While the company offers a consumer-facing solution, it largely focuses on the professional side of the business, says Tom Roberts, senior vice president and general manager of the brokerage and wealth management business division.

The company’s Wealth Management Suite incorporates data consolidation and funds transfer. Developed specifically for investment professionals, the Wealth Management Suite can harvest data from investment institutions and enhance that data through such methods as mapping security names and ticker symbols to CUSIPs (Committee on Uniform Security Identification Procedures). The data consolidation can be used on a stand-alone basis or directly integrated into financial planning and portfolio management applications.

The company has partnered with several financial technology providers, including Albridge and eMoney Advisor, to integrate CashEdge solutions into their applications.

“Advisors are using this as the core of their practice, starting the process of sales,” says Roberts, who notes about 5,000 advisors are currently using the product. “The second thing we are seeing is we were first focused on the asset side of the portfolio but we are seeing more of a focus on the debt side and counseling.”


A number of software publishers utilize aggregation engines from other companies, rather than develop their own. Such is the case with Emerging Information Solutions, which utilizes Albridge for its NaviPlan and Profiles financial planning software.

NaviPlan Enterprise, a configurable financial planning platform for large-scale financial enterprises, can be integrated with existing wealth management platforms. An organization can implement the NaviPlan as-is, or modify it in more than a dozen business-critical areas, including data aggregation.

Meanwhile, the more generically applicable Profiles can integrate with applications and external data sources for data aggregation. EISI and Albridge have collaborated to pass consolidated client and portfolio information from the Albridge database directly into NaviPlan financial planning software. Through Client, account information is automatically collected from multiple fund and clearing sources. It is then processed through a data warehouse that cleans and reconciles account holdings.

EISI is furthering its effort to assist advisors by partnering with Fidelity Investments to offer financial planning through a new Web-based wealth management platform dubbed Fidelity WealthCentral. The platform is expected to be available late this year.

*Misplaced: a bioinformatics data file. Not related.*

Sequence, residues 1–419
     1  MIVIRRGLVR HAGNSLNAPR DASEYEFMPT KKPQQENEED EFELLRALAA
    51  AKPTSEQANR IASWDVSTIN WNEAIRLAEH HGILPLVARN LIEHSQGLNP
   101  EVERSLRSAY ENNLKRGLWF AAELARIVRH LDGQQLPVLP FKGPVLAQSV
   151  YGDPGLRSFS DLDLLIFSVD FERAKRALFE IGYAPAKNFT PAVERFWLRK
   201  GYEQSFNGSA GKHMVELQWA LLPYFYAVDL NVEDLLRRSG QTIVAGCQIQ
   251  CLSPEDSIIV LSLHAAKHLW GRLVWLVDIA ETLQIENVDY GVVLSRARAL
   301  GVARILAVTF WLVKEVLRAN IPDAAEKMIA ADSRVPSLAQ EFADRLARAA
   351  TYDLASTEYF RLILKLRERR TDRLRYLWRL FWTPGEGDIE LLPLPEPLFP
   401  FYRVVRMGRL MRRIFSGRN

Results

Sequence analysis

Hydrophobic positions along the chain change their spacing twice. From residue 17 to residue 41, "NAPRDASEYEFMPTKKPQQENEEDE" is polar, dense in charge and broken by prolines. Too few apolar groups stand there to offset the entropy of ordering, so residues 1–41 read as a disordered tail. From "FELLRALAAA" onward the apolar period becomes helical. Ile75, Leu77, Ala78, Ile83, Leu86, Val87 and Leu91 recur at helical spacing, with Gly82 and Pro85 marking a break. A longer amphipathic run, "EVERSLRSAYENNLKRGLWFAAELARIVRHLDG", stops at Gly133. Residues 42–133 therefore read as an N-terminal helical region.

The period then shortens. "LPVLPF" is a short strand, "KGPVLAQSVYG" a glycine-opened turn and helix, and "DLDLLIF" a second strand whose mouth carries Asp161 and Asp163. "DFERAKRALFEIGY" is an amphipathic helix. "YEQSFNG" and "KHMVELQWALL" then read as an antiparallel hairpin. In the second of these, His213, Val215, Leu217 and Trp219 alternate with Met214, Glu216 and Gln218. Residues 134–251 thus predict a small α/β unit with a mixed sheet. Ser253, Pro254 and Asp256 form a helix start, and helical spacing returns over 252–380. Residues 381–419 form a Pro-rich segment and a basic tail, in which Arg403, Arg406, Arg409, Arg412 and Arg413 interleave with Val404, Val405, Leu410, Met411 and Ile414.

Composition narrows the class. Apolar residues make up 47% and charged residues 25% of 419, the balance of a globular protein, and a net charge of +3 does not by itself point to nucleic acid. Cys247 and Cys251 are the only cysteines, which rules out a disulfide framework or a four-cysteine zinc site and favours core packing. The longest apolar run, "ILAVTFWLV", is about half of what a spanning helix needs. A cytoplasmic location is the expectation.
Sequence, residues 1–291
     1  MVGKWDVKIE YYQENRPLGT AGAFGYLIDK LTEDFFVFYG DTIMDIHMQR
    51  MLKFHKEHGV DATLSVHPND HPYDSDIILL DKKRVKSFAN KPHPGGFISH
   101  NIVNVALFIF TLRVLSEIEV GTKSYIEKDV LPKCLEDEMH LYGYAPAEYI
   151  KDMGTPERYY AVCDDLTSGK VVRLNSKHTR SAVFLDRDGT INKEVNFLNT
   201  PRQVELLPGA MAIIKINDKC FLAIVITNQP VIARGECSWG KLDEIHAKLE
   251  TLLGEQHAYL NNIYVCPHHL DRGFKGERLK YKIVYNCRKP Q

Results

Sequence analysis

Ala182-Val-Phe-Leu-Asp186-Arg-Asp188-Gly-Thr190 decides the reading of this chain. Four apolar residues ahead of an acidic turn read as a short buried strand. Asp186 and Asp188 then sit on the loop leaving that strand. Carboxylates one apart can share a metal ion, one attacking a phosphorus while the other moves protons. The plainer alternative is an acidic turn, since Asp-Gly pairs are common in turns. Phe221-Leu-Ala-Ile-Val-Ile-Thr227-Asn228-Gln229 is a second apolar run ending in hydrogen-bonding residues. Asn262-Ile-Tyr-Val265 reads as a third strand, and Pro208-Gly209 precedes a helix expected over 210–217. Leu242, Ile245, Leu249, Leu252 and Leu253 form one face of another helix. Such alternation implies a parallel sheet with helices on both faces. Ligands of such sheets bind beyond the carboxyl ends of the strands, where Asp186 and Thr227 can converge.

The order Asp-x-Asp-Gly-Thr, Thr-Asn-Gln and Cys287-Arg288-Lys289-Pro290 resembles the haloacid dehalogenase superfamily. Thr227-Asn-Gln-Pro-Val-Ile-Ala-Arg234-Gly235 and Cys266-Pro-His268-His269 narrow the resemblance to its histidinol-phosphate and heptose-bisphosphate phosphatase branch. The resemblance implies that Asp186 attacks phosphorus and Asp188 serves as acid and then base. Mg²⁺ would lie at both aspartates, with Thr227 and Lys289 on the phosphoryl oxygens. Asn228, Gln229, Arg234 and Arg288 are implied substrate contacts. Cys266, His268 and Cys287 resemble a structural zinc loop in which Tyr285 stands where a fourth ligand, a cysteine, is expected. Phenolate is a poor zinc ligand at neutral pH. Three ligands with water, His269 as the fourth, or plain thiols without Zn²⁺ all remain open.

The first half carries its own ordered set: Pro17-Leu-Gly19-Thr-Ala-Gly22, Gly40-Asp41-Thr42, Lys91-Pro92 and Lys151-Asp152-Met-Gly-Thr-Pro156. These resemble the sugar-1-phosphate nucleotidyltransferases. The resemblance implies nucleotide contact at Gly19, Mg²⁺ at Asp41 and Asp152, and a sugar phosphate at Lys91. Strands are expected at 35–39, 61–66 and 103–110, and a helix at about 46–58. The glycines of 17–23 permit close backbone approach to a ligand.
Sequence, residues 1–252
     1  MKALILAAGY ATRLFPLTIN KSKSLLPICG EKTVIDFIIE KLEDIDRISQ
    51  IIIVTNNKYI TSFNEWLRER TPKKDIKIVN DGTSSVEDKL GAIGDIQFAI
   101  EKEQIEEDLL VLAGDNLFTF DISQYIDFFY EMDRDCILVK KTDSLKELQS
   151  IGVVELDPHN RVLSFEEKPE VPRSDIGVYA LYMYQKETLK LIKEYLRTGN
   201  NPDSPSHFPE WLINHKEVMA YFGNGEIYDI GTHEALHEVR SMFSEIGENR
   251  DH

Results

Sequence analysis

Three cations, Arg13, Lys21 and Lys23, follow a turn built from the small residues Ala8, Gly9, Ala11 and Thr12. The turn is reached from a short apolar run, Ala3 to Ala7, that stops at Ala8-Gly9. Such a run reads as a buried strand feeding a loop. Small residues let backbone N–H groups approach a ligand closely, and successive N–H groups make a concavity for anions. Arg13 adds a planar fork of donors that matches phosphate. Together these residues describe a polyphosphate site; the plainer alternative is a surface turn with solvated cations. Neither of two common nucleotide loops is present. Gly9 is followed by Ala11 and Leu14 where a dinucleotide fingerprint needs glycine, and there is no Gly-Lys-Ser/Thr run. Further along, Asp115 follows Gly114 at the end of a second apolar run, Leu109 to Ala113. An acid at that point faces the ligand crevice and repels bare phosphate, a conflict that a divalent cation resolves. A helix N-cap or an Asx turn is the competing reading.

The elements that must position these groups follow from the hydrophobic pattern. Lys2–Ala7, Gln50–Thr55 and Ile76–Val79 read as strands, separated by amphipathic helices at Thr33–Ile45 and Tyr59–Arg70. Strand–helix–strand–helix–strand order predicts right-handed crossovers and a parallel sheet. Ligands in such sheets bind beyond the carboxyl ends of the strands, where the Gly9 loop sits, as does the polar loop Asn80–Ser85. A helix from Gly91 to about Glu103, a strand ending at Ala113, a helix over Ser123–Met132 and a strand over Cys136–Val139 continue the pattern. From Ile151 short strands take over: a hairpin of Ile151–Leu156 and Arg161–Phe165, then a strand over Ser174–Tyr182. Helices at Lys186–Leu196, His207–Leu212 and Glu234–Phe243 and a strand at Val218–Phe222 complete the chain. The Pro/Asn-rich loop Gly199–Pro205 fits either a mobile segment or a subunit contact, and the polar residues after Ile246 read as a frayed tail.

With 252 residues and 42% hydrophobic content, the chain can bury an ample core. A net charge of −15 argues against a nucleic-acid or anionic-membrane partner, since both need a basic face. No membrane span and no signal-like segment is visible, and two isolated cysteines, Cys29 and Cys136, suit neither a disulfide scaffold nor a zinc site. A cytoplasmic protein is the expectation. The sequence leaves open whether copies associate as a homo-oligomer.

Fidelity WealthCentral will streamline an advisor’s back office through a single platform offering advisors such tools as an aggregated view of each client relationship. EISI also partnered with Fidelity Investments to integrate its financial planning with Advisor Channel, Fidelity’s brokerage platform for advisors.

According to Linda Strachan, EISI’s vice president of product marketing, the company is working on a platform for enterprise players that will take its software (NaviPlan and Profiles) and address needs beyond financial planning. For example, it will include a lead generator tool. As of press time, the platform had not yet been officially announced and further details were not available.

“We need to have a common interface for NaviPlan and Profiles,” says Strachan.

Similarly, Money Tree Software, which markets the Total Planning Suite, bolstered the applications earlier this year with data connectivity that enables it to import asset information and other data from third parties including Albridge, Schwab, Act4Advisors and Advisors Exchange. Also, through the new Info-Match system users can make their own connections to data fields in nearly any program using text files or XML files.

Mike Vitkauskas, chairman and founder of Money Tree, says the business of data aggregation is growing and innovative technology is making it easier for programs to “talk” to each other but he acknowledged that one hurdle still weighing on the account aggregation market is customer resistance.

Some customers are reluctant to share account passwords with advisors and authorize them to access accounts or they don’t fully understand the benefits that account aggregation can provide.

Account aggregation can help the financial planner as much as it does the client.

Patricia Solberg, owner of PAS Financial Planning in Seattle, Wash., has been a financial planner for 28 years and has never been able to aggregate and import client data the way she can today through Money Tree.

“[Money Tree] brings it all together. It uploads to my computer into Money Tree and Money Tree has the capability to do all of the planning,” says Solberg, who imports client data through Albridge Solutions.